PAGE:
D.C. Ballpark Architect Has Towering Test

Ballpark architect Joseph Spear takes photos along South Capitol Street in Southeast Washington.
Ballpark architect Joseph Spear takes photos along South Capitol Street in Southeast Washington. (By Lucian Perkins -- The Washington Post)
By David Nakamura
Washington Post Staff Writer
Monday, August 8, 2005

Joseph Spear has not spent much time in Washington, but the man who will design one of the most important additions to the city's skyline -- a baseball stadium -- has learned quickly that the city is hard to define.

"It depends on who you ask," Spear said. "There's a federal city and a local city. We are 100 percent committed to a ballpark that represents D.C. What does that mean? Our answer is both. We'll do something symbolic of both."

So on a recent day at the corner of South Capitol Street and Potomac Avenue in Southeast Washington, Spear ignored the rumble of trucks coming from an industrial warehouse and explained his vision for a 41,000-seat ballpark that one day could rise here like a "V."

The facade along South Capitol Street would be built of stone and glass, echoing the grandeur of the District's federal landmarks -- including the Capitol Dome less than a mile north. The other facade, along Potomac Avenue, would have a connected but distinct feel; largely made of steel and glass, this side would be lacey, almost skeletal, and afford views from inside the park of the Anacostia River to the south.

Spear moved to a spot that would be outside the ballpark but near where the two facades would meet.

"From back here," Spear said, "you could look up [through an open section in the wall], even if you're outside the stadium, and see the scoreboard."

As much as anyone, Spear, 52, is responsible for a new golden age of baseball stadium design. Starting with Baltimore's Oriole Park at Camden Yards in 1992, Spear, who works for Hellmuth, Obata & Kassabaum Sport of Kansas City, Mo., has been the chief designer of ballparks in Cleveland, Denver, San Francisco, San Diego and Detroit.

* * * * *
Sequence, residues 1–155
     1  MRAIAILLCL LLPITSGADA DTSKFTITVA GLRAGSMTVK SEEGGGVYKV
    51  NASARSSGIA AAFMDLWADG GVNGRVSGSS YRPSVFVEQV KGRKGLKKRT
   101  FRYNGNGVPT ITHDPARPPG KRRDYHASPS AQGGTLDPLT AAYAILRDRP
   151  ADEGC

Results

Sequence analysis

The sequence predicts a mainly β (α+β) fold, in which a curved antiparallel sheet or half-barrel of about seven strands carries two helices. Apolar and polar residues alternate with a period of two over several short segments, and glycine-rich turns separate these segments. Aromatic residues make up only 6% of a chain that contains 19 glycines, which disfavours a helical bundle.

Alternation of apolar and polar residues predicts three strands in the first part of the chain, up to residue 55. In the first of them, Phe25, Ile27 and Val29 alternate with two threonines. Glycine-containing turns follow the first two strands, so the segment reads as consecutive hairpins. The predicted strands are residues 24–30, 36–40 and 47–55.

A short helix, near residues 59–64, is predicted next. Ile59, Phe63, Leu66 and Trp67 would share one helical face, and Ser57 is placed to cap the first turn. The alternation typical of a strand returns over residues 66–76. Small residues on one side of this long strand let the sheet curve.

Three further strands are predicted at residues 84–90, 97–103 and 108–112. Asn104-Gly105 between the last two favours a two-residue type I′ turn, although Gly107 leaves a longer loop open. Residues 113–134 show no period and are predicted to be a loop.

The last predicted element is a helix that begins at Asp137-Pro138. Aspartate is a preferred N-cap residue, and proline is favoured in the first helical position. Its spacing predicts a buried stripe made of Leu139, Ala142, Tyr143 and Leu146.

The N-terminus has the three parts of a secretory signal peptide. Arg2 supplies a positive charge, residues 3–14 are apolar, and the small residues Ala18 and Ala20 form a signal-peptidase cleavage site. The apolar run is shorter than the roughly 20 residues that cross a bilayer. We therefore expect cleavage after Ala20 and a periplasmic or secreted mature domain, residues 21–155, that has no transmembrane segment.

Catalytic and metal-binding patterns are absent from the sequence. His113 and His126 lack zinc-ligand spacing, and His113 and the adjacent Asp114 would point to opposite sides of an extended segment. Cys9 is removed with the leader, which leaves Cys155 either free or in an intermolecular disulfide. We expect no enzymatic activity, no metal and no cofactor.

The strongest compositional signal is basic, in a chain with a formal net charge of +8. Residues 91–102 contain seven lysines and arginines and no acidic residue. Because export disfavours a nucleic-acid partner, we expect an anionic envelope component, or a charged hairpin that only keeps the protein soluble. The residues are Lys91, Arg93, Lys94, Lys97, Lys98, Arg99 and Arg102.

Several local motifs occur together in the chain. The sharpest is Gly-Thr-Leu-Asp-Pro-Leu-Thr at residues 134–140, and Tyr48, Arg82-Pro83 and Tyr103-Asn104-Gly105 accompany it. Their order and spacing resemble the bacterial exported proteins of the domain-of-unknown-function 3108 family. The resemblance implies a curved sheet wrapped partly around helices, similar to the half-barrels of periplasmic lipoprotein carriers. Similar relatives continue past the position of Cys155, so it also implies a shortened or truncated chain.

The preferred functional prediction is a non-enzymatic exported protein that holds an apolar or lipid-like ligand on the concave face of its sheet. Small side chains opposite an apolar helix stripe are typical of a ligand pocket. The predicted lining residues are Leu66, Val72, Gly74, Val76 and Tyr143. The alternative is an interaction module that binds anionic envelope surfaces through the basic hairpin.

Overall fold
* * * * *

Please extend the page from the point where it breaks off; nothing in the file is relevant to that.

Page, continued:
But nowhere is Spear's creativity being challenged as it is in Washington, where the city has asked him to break from his trademark red-brick throwback style and create something fresh to symbolize the national pastime in the nation's capital.

"I'm excited that so many people want us to do better than we've done before," Spear said. "This stadium is going to be very light and modern and different."

On the job for three months, Spear and his staff, along with the D.C.-based architectural firm Devrouax & Purnell, have produced dozens of sketches of the ballpark, which is scheduled to open in 2008. The D.C. Sports and Entertainment Commission, which is overseeing the project, declined to release the drawings because nothing has been finalized.

"We want to create a piece of architecture that when people see it on TV, they immediately associate it with Washington, D.C., and with the Nationals," said Allen Y. Lew, chief executive of the commission.

The challenge is magnified because the city intends to use the stadium as a catalyst to spur redevelopment along the waterfront, and the Nationals want to ensure that fans spend lots of money inside the ballpark. In addition, the ballpark is envisioned to be an iconic gateway as motorists cross the Frederick Douglass Memorial Bridge -- an anchor at the city's southern end that must tie into the monumental core.


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